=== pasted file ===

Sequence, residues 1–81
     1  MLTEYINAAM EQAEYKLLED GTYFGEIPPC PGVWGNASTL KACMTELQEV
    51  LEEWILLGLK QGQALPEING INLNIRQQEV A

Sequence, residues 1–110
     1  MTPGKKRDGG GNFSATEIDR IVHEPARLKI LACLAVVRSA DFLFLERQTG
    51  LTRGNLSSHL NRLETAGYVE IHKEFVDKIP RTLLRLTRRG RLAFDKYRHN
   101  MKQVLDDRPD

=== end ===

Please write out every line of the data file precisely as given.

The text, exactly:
Sequence, residues 1–81
     1  MLTEYINAAM EQAEYKLLED GTYFGEIPPC PGVWGNASTL KACMTELQEV
    51  LEEWILLGLK QGQALPEING INLNIRQQEV A

Sequence, residues 1–110
     1  MTPGKKRDGG GNFSATEIDR IVHEPARLKI LACLAVVRSA DFLFLERQTG
    51  LTRGNLSSHL NRLETAGYVE IHKEFVDKIP RTLLRLTRRG RLAFDKYRHN
   101  MKQVLDDRPD